January 22, 2004  
Volume 97, Issue 62  

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NEWS

Advanced courses give HS students leg up

By Laura Katsirdakis
Gazette Staff

The Advanced Placement program in Canada, which has just recently made its way to London, may ease the transition from high school to university for some students.

The AP program offers university level courses to senior level high school students, said Peter McKegney, co-ordinator of the AP program at London’s H.B. Beal Secondary School. After completing the courses, students take uniform exams and depending how well they do are assigned as level one through five.

The AP program started at that school just two years ago, he said. “We are the only school between Kitchener and Chatham to offer AP courses,” McKegney added.

“All academically capable students can take AP courses; there are no requirements,” he explained, noting the courses are free and often give students a considerable advantage in university.

“AP students tend not to have the initial drop in their marks [upon entering university],” McKegney added.

“University departments look at their first year classes to see if [the content] matches AP course content,” said George Ewonus, director of the AP program in Canada, explaining that if there is a match, universities will give AP graduates credit for the equivalent course, allowing them to jump ahead in their education.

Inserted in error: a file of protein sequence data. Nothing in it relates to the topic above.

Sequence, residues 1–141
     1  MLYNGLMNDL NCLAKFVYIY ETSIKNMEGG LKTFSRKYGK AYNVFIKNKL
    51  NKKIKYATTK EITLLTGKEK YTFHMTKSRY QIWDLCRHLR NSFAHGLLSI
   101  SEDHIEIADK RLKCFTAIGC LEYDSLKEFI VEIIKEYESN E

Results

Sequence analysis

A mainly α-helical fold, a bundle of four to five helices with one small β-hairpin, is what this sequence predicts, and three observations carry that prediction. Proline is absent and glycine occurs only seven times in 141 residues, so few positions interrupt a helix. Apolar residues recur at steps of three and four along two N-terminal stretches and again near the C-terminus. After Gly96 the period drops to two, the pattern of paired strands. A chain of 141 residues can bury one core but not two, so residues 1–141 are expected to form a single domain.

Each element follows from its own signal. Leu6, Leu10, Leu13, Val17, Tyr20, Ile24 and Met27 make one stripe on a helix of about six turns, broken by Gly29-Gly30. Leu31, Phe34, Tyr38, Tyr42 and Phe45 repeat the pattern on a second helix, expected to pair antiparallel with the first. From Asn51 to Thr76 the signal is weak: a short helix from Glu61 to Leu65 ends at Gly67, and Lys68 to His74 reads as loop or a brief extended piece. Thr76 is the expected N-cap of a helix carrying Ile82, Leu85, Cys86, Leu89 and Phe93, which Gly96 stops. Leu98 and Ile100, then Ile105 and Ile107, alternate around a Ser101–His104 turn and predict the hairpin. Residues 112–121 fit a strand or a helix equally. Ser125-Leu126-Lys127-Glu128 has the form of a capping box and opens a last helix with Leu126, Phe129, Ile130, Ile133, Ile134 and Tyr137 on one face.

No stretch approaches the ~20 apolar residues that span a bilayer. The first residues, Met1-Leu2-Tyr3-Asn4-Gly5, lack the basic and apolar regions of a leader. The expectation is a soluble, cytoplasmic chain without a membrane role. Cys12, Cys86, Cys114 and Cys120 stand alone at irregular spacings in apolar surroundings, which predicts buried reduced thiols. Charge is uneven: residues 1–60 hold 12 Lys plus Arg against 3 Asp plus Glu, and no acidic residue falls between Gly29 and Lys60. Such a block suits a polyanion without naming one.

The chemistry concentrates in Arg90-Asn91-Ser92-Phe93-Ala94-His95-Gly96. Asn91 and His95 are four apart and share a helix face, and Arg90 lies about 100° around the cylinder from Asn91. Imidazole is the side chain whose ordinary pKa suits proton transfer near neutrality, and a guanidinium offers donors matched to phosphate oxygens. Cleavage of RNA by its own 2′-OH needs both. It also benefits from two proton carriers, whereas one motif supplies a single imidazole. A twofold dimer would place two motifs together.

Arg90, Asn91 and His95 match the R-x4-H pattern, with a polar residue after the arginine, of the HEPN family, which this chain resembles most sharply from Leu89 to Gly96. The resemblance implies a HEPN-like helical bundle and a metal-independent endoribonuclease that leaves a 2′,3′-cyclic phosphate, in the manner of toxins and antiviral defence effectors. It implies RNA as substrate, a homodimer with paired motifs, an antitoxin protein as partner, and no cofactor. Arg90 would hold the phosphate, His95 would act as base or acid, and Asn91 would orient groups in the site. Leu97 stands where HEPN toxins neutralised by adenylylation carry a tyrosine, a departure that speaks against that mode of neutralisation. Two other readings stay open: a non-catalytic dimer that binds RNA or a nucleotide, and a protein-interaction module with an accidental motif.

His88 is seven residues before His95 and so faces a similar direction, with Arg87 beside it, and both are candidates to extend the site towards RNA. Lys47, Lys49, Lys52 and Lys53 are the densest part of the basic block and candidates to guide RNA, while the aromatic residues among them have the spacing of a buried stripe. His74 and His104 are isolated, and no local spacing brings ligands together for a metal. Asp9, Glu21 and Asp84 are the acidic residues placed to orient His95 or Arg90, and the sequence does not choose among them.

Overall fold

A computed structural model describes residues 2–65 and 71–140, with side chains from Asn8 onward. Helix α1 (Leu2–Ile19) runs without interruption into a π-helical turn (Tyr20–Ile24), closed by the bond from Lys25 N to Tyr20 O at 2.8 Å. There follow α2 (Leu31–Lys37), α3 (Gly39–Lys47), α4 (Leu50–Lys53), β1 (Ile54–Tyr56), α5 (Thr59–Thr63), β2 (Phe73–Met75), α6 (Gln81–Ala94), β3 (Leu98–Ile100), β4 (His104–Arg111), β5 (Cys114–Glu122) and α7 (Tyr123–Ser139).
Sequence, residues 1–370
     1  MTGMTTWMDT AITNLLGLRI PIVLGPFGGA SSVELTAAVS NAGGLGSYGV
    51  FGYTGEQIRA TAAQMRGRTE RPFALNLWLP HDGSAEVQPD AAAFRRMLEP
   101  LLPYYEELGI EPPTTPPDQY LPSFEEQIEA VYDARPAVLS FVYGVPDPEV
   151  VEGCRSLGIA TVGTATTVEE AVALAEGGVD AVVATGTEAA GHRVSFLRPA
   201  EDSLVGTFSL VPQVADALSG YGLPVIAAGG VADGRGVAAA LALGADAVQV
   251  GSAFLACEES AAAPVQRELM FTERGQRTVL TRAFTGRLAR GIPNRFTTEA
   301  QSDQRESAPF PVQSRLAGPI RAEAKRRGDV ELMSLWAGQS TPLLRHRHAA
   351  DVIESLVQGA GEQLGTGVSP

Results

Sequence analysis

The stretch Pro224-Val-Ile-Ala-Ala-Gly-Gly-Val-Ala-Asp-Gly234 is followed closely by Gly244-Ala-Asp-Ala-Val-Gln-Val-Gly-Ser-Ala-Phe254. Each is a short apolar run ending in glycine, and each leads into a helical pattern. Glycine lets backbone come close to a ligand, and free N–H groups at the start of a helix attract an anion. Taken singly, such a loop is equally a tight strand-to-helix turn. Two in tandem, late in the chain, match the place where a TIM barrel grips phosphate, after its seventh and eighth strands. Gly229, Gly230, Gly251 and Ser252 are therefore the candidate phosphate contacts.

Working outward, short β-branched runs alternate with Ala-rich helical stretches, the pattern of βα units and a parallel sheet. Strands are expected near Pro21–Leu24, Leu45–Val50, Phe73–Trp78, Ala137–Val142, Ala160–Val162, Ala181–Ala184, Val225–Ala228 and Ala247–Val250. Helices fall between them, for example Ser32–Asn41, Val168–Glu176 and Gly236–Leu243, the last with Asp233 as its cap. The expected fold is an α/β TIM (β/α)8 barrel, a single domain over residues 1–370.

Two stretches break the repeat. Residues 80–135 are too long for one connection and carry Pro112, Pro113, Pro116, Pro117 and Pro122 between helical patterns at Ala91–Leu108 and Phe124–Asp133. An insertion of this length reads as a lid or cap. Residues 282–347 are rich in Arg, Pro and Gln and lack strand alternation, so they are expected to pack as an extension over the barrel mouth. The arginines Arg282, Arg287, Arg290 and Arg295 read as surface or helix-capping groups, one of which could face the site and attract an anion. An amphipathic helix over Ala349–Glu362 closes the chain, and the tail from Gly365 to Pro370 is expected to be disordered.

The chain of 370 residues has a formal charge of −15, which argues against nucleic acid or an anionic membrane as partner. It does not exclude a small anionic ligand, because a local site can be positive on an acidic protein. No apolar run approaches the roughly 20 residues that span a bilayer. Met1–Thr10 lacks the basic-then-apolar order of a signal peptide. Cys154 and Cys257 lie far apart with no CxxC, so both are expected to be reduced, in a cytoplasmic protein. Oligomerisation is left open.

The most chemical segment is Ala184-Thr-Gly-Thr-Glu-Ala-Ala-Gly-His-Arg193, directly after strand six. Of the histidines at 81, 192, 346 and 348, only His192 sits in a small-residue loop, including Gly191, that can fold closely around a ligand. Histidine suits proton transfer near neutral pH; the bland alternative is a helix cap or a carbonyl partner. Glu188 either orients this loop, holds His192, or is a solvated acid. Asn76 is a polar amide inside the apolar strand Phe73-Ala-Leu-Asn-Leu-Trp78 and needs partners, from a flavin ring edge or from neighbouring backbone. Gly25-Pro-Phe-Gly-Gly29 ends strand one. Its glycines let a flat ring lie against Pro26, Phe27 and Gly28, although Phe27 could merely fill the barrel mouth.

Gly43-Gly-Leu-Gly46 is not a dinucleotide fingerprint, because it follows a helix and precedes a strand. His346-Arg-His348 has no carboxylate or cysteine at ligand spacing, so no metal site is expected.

AP graduates receive a separate transcript which they send to universities along with their applications, he said.

“The biggest issue in the jump from high school to university is not as severe [with the AP program],” Ewonus explained, adding AP usually encourages students to go on to higher education and gives them more confidence in doing so.

The AP program has been in used in Canada since 1986, Ewonus said, adding that in the United States the program has been used since the 1950s. It was designed by the college board in the U.S., he added.

“450 high schools in Canada now [offer] AP courses,” Ewonus noted.

“We do give credit for AP exams,” confirmed Lori Gribbon, manager of undergraduate recruitment and admissions in the Office of the Registrar at Western, adding students must achieve a four or five on the exams to get credit.

 

 

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